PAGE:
(RxWiki News) A first-of-its-kind study examined the potential relationship between taking statins, prescription medicines that treat high cholesterol, and diabetes complications like vision loss and kidney damage.
The unknown link between statins and microvascular side effects of diabetes is the subject of new, large-scale research from Denmark.
The researchers found that diabetes patients who used statins had lower risks of some common microvascular conditions.
"Talk to a nephrologist about managing diabetes."
Sune Nielsen, PhD, of the University of Copenhagen, and colleagues studied the unknown link between statins and diabetic vision loss, gangrene and other microvascular complications.
Diabetes occurs when blood sugar levels are too high. Microvascular side effects include vision loss, nerve damage, kidney damage and gangrene of the foot.
The authors studied 15,679 diabetes patients diagnosed between 1996 and 2009 who used statins before their diagnosis.
The authors compared that group to 47,037 patients who did not use statins. Dr. Nielsen and team compared the two groups for instances of microvascular side effects.
During the study period, 2,866 patients had vision loss, 1,406 had nerve damage, 1,248 had kidney damage and 2,392 had gangrene of the foot.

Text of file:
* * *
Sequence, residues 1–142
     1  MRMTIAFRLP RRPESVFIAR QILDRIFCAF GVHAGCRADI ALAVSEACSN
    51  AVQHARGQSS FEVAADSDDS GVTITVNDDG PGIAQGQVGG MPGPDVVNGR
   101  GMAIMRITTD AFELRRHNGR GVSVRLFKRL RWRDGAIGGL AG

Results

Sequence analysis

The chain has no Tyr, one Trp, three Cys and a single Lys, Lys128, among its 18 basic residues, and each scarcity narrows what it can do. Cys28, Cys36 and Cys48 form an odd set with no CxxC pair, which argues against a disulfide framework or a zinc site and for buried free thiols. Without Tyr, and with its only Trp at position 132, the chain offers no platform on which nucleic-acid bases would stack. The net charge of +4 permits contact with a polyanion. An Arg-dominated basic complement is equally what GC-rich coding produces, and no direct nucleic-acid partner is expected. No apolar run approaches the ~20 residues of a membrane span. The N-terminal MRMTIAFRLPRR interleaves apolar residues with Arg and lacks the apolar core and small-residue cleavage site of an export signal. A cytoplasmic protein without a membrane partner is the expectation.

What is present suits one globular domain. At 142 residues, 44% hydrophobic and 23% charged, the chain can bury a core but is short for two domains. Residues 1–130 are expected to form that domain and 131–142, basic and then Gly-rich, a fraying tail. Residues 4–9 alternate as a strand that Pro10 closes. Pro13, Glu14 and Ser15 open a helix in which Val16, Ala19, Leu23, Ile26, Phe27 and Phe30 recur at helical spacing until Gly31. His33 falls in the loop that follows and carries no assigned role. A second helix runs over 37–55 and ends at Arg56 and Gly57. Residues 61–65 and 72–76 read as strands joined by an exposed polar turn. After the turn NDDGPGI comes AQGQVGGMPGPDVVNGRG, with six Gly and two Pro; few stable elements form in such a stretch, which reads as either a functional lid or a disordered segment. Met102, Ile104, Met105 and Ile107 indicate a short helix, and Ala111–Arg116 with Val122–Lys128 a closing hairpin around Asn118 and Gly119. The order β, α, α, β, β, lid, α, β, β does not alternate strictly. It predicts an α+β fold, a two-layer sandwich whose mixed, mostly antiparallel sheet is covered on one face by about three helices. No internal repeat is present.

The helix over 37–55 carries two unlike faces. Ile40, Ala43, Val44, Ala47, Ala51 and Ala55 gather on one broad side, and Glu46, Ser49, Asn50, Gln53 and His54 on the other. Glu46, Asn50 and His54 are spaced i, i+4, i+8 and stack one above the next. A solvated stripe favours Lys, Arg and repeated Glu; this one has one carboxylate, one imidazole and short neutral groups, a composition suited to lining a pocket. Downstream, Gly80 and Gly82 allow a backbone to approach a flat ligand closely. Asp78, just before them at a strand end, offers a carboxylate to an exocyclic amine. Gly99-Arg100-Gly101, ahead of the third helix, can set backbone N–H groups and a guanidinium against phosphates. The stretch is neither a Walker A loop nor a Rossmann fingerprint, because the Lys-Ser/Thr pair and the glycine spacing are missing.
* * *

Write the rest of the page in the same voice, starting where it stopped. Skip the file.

Compared with the non-statin users, statin users had lower incidences of vision loss, nerve damage and gangrene, but not kidney damage.
“Whether statins are protective against some forms of microvascular disease — a possibility raised by these data — will need to be addressed in other studies similar to ours,” the authors wrote.
"The mechanism as to how statins might prevent vision loss is unclear," David Winter, MD, MSc, MACP, President and Chairman of the Board of HealthTexas Provider Network (HTPN), told dailyRx News.
"We know that the drugs have an anti-inflammatory effect in addition to their ability to lower cholesterol. Whatever the cause, it seems that diabetics who are not on statins should bring up the topic with their physician," Dr. Winter said.
The study was published online Sept. 10 in The Lancet Diabetes and Endocrinology.
The Copenhagen University Hospital funded the research.